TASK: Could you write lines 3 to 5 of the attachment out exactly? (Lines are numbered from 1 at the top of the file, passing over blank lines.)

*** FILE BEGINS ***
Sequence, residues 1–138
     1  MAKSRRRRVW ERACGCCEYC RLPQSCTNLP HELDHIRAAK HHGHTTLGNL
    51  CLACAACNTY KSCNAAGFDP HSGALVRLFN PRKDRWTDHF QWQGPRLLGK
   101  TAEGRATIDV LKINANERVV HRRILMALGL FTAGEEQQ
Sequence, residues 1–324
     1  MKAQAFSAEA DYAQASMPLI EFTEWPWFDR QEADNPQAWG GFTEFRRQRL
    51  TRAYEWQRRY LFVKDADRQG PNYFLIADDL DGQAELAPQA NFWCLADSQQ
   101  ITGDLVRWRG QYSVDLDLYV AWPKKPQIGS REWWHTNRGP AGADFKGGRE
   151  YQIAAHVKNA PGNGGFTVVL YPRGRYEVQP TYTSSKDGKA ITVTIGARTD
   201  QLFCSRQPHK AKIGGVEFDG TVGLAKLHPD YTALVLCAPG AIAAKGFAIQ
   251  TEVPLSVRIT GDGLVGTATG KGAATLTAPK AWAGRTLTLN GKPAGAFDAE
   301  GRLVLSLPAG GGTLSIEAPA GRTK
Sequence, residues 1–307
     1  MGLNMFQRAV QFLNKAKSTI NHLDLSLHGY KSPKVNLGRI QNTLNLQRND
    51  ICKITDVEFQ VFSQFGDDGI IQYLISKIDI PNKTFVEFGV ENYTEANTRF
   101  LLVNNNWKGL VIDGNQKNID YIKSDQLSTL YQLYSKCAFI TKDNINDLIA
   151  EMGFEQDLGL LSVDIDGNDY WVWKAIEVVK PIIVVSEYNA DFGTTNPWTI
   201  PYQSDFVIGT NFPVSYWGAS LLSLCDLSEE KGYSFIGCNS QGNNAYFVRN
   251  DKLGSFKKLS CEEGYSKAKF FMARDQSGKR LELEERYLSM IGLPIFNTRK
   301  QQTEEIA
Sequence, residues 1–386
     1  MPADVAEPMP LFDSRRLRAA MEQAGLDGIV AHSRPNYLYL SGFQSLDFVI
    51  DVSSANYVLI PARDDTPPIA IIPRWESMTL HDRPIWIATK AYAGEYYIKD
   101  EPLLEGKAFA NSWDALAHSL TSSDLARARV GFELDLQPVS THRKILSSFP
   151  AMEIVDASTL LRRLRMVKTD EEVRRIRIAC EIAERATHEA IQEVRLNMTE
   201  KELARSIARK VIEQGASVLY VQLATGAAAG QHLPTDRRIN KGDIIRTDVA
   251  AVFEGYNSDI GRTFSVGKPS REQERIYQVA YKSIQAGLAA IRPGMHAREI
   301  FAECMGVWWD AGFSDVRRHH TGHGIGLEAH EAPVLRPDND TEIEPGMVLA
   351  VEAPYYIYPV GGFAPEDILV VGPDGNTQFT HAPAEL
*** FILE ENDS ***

    51  CLACAACNTY KSCNAAGFDP HSGALVRLFN PRKDRWTDHF QWQGPRLLGK
   101  TAEGRATIDV LKINANERVV HRRILMALGL FTAGEEQQ
Sequence, residues 1–324